Effective self-defense systems such as Krav Maga, as well as some traditional martial arts such as Jiujitsu, often stress the importance of recognising and dealing with what is known as the ‘fight or flight’ (FoF) response, often referred to as ‘adrenal dump’ or adrenal response. There is much discussion among self-defence instructors and martial artists on the pros and cons of adrenal dump, as well as ways to manage it under different conditions and in different environments. This is something that has been discussed for centuries, including by some of the great samurai such as Yagyu Munenori and Miyamoto Musashi, although in more esoteric terms.
Originating from a primitive need to survive in a world full of sabre-toothed tigers and woolly mammoths, the FoF primed the body to fight for survival or run away from danger. Today we don’t have quite as many sabre-toothed tigers but the body’s mechanisms for survival still act in very much the same way. In basic terms, the body responds to danger by dumping all of our adrenaline (hence the name ‘adrenal dump’) into the blood stream in order to prepare the body to fight or to run. This makes us stronger and faster, but also has some other side effects, which include:
- Loss of fine and complex motor skills and coordination
- Auditory exclusion (temporary loss or distortion of hearing)
- Tunnel vision
- Distorted ability to perceive the passing of time (things feel like they are moving very fast or very slow)
- Significantly diminished ability for complex speech
- Significantly diminished spatial awareness (things appear much nearer or much farther than they actually are)
- Memory distortion, where we remember fragments of events, or things that did not happen or, in some cases, nothing at all
- Other effects including excessive perspiration and more.
- The body responds this way to immediate threats to our safety (for example, crossing a road and looking the wrong way when all of a sudden a car whirls by and hoots), but can also be stress-related. Very commonly, adrenal dump will occur when we have to speak in public, go to a job interview or try to spark up a conversation with someone in a bar.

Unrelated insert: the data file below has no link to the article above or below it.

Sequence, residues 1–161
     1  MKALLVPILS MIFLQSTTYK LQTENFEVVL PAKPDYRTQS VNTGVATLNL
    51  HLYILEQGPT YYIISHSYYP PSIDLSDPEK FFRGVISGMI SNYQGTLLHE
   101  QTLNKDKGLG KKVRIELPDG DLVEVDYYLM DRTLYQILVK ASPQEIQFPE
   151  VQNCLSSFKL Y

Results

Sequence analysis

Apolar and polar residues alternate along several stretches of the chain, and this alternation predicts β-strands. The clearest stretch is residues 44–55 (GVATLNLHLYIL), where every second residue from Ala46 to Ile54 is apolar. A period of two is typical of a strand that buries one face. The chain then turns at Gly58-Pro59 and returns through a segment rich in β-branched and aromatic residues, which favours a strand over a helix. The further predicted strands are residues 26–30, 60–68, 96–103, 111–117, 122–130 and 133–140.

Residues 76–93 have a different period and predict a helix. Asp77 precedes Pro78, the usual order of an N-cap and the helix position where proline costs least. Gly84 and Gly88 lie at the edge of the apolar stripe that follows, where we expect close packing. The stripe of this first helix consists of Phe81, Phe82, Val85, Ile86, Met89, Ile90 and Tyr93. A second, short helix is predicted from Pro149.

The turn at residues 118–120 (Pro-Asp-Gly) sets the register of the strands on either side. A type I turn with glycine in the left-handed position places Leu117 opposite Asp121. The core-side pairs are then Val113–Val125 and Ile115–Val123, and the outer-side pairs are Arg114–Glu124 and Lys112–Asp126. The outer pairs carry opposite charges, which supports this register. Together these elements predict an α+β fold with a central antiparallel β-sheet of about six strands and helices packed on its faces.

So what does this have to do with the worlds of art and business?
When I was 25 I decided to realise my lifelong dream of becoming a successful musician and enrolled in a music degree in one of Australia’s best music schools. While I was used to performing and speaking in front of people (I have been a performing musician since the age of 14, a guitar teacher since the age of 18 and a university lecturer in business and professional communication since the age of 21) I found that performing in front of my peers and teachers in university was a harrowing, often traumatic experience that left me exhausted and depressed. I was aware that under that stress I could not perform well and there was some discussion in the classrooms about coping with performance stress, but where it came from, what the side effects were and, most importantly, how to cope with it was never taught. We were simply told that it’s a part of showbiz, and we just need to deal with it. Not surprisingly, the drop out rate in the course was extremely high.
So let us think about this for a second. If music is to be performed well, the performer requires the following skills:
- Fine and complex motor skills
- Aural and auditory pattern recognition, and the cerebral ability to respond to those patterns
- Strong perception of rhythm and time
Add to that acting or musical theatre, and the performer will now also need complex speech skills. Add dance, and the performer will also need spatial skills.
What about having to deliver a presentation on the quarterly growth rate of your division to the company’s board of directors? Although you will probably not need any fine motor skills, your success will greatly depend on your ability for complex speech and your memory.
Consider the list of FoF side effects listed in this article’s beginning. Then consider the physical symptoms that appear when you deliver that important presentation. These are, pretty much to the letter, the skills lost when one experiences the FoF response!
We experience these symptoms regularly – expressed as butterflies in your stomach, your mouth going dry, your heart beating fast and your hands getting clammy, etc – but often don’t know where it comes from or why; we only know that doing those things can make us very nervous.
Imagine how much better your could perform on stage; how much better you could perform at job interviews or how many more deals you could close, if only you were taught early on how to recognise the symptoms of FoF and to apply the correct methods of dealing with them if and when they arise. From a business perspective and a management perspective, think about how many fewer mistakes will be made if the people making decisions on the fly were able to do so from a logical, calm and calculated position without letting the physical symptoms of stress and fear get in the way!
Learning how to deal with adrenal dump and its side effects can be the key to significantly reducing anxiety, unlocking greater success and ultimately being a more productive and happy artist and business-person, as well as creating a better work environment for you and your peers.
Understanding where it comes from is the first step, and hopefully this article can help you recognize some of these symptoms.